People cannot come out of poverty if the quality of public primary and secondary institution is at an all-time low, when university gates are closed for more days during any year than they are kept open due to ASUU strike, when government officials leverage on borrowed funds to prosecute elections, when uninspiring and incompetent individuals holds many of our public offices, when citizens give their votes to the highest bidders, when the youths use the internet to TikTok and waste away on social media rather than learn valuable skills online, when old and people bereaved of ideas are now at the fore fronts of our political discuss and when the opportunities that’s available to citizens continue to shrink.
It is worthy of note that despite the fall of many into poverty, corporations continue to thrive and declare humongous top and bottom lines. For example, Dangote Cement recorded revenue of over 1.3 trillion naira, MTN recorded revenue of over 1.65 trillion-naira, Zenith bank recorded revenue of 765.6 billion naira and GTB recorded a revenue of 447.8 billion naira. It is noteworthy as well that even the average earnings per staff of these companies have not significantly improved over the last decade despite the fact that the earning of many of them have doubled over the same period.
It would appear that despite the success of many firms and individuals in Nigeria, the number of poor people in the country has continued to grow. More concerning is the fact that this trend is unlikely to revert in the short to medium term. On the surface, the success of corporations should coincide with those of individuals but many factors inhibit this coincidence. Some of these issues are our poorly skilled population, inadequate implementation of economic plans, poor quality of education, the crave for certificate as opposed to knowledge and skills, uncontrolled population growth, corruption, lack of corporate governance in firms; particularly indigenous firms, attitudinal issues, incompetent public servants and insecurity.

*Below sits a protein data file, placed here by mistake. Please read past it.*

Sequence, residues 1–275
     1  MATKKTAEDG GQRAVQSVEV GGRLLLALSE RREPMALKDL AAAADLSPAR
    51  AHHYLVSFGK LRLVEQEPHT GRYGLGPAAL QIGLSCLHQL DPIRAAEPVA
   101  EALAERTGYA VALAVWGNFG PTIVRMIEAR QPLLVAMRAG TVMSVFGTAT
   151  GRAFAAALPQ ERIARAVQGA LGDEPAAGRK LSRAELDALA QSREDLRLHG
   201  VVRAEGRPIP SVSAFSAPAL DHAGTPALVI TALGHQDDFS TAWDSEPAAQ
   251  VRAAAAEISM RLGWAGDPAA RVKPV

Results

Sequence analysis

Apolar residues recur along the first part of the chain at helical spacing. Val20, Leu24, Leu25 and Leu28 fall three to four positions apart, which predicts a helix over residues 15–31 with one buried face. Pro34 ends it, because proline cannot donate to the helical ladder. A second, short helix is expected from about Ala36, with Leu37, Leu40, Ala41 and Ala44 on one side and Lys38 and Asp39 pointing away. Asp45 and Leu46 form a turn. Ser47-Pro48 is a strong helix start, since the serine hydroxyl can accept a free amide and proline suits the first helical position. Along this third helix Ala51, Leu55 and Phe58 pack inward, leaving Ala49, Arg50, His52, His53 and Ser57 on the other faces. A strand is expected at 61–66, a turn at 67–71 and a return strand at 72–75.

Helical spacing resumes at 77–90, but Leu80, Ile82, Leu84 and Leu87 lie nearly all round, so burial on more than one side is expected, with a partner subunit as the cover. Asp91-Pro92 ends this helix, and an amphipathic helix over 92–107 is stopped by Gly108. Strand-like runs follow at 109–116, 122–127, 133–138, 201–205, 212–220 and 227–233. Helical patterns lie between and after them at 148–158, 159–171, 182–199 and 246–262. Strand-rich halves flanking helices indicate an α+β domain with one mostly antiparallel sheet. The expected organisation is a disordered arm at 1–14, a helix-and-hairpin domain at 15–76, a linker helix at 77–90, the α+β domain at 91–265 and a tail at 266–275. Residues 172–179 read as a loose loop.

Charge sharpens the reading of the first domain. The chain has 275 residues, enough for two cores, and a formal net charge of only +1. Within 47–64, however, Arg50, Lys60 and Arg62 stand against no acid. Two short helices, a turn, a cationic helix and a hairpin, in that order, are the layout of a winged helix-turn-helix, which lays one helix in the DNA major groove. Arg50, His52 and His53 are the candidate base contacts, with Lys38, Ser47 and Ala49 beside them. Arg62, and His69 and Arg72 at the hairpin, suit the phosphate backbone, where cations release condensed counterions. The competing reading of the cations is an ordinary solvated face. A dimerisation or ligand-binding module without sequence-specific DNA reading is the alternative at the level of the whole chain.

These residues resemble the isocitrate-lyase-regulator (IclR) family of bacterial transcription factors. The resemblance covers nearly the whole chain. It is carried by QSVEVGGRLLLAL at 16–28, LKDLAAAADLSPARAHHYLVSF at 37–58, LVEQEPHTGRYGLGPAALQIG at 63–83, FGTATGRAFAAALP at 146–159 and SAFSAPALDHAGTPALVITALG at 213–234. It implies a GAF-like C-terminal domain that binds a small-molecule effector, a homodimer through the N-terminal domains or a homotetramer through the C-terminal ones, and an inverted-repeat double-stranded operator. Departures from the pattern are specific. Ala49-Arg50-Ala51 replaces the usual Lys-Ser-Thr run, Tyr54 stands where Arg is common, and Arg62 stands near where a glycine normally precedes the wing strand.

The Future; What we Need to do
There is now an apparent crave to capitalize major problem areas that proofs unsolvable by the government under the shades of Public Private Partnerships (PPP). I note that these measures would further push many citizens into poverty. Today, we have many prosperous companies and individuals but millions of poor people.To move citizens out of poverty, we must address the key issues that makes people poor. We must get to the root causes and prescribe solutions that tackle the problems from the root as opposed to measures that address symptoms. Recent interventions by the federal government such as trader and farmer money seem to address symptoms and not the real issues.
Firstly, we must implement existing laws on compulsory, free and qualitative basic education. We must strengthen existing compulsory education laws by prescribing more stringent penalty for violation. Such penalties can be 6 months imprisonment with an option of fine of 100,000 naira to violating parents. The federal government must collaborate with states to concurrently implement this measure and deploy existing infrastructures such as the Civil Defense, Neighborhood watches and other similar bodies to assist with implementation.
Secondly, we must enforce and engender good corporate governance practices among firms. A situation where powerful people use their controlling stakes in banks to initiate and approve loans to related entities and show unwillingness to pay back at all or promptly must no longer be tolerated, in fact, they should become inconceivable in our corporate corridors.
Thirdly, we must return credibility to our traditional and religious institutions so they can help educate families and individuals on the need to be good citizens and think about helping their country in ways they can towards the good future we collectively desire. We must also find ways and means to ensure that traditional and religious leaders are people of knowledge, this would check against a culture where rather than work for the better future they desire, people hope for miracles and breakthroughs that oftentimes never come. A knowledgeable population is absolutely necessary to build sustainable wealth that moves citizens out of poverty and a sustainable fashion.
– Augustine Shina Akande ACA, PMP, M.Sc.